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Our History

Our History

Since our founding in 1891, the YWCA Cambridge has been an advocate for human rights and has provided safe, affordable housing and support services for women and girls. After the industrial revolution when women and girls were displaced to urban areas in New England to work in inhumane conditions, the YWCA Cambridge responded by opening a boarding house and providing supportive services to these young factory workers. Our founders understood that to become independent, women needed a safe environment in which to learn essential professional and daily living skills. As a result, the YWCA Cambridge boarding house was opened in 1911 to give female factory workers a safe place to live and learn life skills appropriate for that era such as penmanship, stenography, etiquette, and dressmaking. The YWCA founders also participated actively in the labor movement promoting safe working conditions, rest periods and shorter hours for the young women working the factories.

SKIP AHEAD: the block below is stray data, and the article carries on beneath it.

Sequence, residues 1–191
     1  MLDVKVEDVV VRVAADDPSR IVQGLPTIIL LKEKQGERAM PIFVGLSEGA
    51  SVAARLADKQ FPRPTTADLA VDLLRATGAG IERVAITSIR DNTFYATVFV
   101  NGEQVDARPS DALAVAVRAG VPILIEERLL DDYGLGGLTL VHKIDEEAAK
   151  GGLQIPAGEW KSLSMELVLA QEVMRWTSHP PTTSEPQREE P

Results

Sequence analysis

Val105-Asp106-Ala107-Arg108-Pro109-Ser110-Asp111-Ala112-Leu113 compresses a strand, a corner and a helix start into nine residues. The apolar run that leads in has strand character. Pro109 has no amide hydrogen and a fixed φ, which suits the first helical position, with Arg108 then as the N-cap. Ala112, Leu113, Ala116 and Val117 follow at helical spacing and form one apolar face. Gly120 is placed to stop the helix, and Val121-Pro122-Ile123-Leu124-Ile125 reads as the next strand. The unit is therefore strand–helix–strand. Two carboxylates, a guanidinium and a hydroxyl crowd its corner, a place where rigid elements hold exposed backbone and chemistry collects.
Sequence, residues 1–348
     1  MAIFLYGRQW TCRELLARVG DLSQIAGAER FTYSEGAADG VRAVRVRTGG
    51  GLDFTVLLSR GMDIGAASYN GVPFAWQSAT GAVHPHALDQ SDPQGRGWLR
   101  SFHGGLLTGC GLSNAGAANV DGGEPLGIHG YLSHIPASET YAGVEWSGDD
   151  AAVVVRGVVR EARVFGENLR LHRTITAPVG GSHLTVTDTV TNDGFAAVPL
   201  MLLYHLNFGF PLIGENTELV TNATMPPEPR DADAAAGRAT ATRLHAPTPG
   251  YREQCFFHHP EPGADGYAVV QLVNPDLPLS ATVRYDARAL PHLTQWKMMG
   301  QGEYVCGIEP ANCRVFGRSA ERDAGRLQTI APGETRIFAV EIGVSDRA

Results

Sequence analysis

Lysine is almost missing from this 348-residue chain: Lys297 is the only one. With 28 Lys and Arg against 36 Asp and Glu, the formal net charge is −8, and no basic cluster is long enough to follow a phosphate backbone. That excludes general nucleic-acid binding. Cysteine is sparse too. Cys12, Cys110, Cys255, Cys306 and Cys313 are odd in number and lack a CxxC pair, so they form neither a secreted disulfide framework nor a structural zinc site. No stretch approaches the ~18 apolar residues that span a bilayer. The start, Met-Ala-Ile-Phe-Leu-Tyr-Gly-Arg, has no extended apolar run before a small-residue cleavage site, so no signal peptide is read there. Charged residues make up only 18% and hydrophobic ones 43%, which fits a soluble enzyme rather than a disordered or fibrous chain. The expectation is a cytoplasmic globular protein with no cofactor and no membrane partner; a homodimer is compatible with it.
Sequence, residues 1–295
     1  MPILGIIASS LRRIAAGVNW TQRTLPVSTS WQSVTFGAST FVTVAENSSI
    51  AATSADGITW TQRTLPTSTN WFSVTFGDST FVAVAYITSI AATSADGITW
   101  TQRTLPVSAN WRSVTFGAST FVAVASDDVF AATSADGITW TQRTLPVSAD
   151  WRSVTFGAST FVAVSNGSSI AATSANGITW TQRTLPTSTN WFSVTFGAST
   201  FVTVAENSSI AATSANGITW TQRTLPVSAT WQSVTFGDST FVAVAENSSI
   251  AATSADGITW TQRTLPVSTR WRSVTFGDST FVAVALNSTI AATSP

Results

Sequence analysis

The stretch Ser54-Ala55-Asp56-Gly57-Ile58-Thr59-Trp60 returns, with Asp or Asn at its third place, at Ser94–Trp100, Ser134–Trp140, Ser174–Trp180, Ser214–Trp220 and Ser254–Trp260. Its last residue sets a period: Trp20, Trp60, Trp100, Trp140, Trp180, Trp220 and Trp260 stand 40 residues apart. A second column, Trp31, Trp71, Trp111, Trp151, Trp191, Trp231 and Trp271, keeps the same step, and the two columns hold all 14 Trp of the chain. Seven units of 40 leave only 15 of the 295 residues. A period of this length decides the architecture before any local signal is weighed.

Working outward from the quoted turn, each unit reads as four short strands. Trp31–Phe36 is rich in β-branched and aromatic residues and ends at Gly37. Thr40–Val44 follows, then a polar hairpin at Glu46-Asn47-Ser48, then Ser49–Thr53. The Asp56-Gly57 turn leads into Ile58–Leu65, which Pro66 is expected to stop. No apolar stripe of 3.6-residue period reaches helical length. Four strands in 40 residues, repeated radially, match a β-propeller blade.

Much later a Health Education Wing was constructed and the pool building was opened on the YWCA Cambridge site so that women could exercise their minds and their bodies.

The Tanner Residence was added to the 7 Temple Street location in the 1950s. Tanner and the third and fourth floors of the Main Building comprise 103 units of Single Room Occupancy (SRO) housing for single women.

Our Homeless Family Shelter began with a few rooms in the Tanner Residence and subsequently moved to a large house in Central Square. The Shelter provides safe housing for 10 families. The pool building was closed in the 1980s because of ongoing structural problems. Subsequently, it was demolished in the summer of 2013 to make way for the construction of 42 units of affordable housing built by the Cambridge Housing Authority. Today the YWCA Cambridge is an institution in Cambridge, housing the city's largest women's residential facility and hosting a variety of programs designed to appeal to a broad range of interests.